Traditionally, treating wastewater and other refuse is a very energy-intensive process, which requires numerous components in order to function. The process is extremely complex, and features numerous species of bacteria, each of which has its special environmental requirements. But now, experts propose a new species of bugs that could help treat water more efficiently, while at the same time producing energy, rather than consuming it. The bacteria was discovered by scientists at the Delft University of Technology, in the Netherlands, who were led by expert Gijs Kuenen, NewScientist
The standard clean-up process starts with numerous bacterial cultures being organized in an activated sludge, which is used to digest solid wastes. The result is methane gas, which is derived directly from the organic matter the microorganisms consume. Following this stage, all that remains is ammonium and phosphates-filled liquid wastes, which then need to be further processed. They are introduced into special chambers, where the ammonium inside the wastes is converted into nitrates by bacteria. The wastes are again passed in other chambers, where the nitrate is again converted, this time into nitrogen gas, in the presence of methanol.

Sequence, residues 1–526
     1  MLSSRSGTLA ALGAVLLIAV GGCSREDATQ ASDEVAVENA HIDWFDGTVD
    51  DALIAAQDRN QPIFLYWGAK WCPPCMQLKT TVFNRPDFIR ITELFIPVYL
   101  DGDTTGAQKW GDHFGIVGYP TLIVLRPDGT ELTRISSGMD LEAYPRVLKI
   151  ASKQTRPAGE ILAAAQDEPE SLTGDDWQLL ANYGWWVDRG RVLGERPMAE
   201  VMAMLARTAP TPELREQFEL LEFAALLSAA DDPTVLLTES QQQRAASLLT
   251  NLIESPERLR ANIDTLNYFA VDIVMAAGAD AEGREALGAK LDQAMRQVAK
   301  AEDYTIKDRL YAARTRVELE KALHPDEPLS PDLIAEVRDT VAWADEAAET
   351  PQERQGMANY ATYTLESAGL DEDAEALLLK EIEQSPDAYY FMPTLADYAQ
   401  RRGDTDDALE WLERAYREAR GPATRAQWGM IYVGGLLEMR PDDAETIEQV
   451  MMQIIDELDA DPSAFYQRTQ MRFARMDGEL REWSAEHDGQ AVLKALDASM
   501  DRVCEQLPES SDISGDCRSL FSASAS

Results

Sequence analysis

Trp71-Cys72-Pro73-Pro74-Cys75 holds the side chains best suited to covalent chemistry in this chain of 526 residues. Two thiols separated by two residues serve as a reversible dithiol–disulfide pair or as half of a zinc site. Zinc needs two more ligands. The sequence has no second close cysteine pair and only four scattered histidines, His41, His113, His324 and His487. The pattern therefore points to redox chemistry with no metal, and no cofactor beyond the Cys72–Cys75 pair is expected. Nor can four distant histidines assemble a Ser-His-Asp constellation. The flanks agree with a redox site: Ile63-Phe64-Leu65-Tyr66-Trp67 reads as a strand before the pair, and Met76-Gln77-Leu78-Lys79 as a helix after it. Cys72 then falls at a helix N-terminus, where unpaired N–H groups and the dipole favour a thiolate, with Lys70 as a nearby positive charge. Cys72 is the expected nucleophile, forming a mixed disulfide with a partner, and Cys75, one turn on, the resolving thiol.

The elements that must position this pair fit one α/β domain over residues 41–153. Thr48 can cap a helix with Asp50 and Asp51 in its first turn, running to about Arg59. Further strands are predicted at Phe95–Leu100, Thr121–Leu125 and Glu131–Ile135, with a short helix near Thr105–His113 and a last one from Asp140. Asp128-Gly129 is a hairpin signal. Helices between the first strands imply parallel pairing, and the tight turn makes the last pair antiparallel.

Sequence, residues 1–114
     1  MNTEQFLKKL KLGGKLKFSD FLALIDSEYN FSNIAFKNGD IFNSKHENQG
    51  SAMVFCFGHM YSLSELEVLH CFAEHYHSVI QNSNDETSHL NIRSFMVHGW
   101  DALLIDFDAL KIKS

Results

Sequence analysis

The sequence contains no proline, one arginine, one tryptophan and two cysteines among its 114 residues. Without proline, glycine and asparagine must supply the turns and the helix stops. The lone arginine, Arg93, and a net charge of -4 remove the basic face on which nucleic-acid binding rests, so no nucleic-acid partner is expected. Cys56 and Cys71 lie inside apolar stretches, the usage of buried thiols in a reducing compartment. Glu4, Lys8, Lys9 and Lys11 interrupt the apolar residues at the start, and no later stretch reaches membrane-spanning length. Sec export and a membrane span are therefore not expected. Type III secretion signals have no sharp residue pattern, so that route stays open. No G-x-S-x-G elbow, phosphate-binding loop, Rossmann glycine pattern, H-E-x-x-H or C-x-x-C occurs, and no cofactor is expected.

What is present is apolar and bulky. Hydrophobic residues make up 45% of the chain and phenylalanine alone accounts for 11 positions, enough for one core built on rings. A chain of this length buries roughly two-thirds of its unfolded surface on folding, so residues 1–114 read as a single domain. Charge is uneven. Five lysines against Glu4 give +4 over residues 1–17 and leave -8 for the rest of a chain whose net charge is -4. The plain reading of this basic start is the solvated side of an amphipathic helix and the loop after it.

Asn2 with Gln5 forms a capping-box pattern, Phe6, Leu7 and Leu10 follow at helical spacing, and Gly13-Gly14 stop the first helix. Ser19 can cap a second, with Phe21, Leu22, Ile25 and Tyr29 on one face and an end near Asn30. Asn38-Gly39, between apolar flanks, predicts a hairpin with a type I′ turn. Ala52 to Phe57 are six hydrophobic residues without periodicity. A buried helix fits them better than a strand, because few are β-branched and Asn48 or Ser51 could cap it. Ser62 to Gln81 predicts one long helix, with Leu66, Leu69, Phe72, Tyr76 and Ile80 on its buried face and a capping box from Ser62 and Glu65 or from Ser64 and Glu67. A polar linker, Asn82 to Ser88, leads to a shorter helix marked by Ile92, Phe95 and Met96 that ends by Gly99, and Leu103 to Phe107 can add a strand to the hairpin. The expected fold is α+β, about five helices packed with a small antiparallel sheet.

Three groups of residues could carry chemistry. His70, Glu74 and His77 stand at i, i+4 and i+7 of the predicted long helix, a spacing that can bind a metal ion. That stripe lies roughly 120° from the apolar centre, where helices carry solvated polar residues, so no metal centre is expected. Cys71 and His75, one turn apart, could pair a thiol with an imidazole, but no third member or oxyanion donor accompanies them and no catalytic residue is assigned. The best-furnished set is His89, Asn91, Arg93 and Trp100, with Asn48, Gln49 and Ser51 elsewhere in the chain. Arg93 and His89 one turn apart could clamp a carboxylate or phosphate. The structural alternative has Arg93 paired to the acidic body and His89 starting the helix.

The DU team managed to find a solution to treating wastewater that could see the need for the energy-intensive, bacteria-reliant stages disappear. Their secret weapon is an uncommon type of bacteria, which is apparently able to consume ammonia without having to be fed oxygen artificially. The result is producing nitrogen gas directly, and an added bonus of using anammox bacteria is the production of methane. Kuenen explains that the gas can then be easily harvested, and stored for later use. According to his calculations, this process would generate up to 24 watt-hours of electricity per person per day.
“This is about trying to make waste water treatment plants completely sustainable, in the sense that they could even produce energy, which is not the case in present treatment facilities,” the expert adds. “The anammox story shows how fundamental discoveries by microbiologists can revolutionize waste water treatment,” says University of Vienna in Austria microbiologist Michael Wagner. He goes on to say that anammox bacteria were only discovered about 20 years ago, and that they are already beginning to have important applications.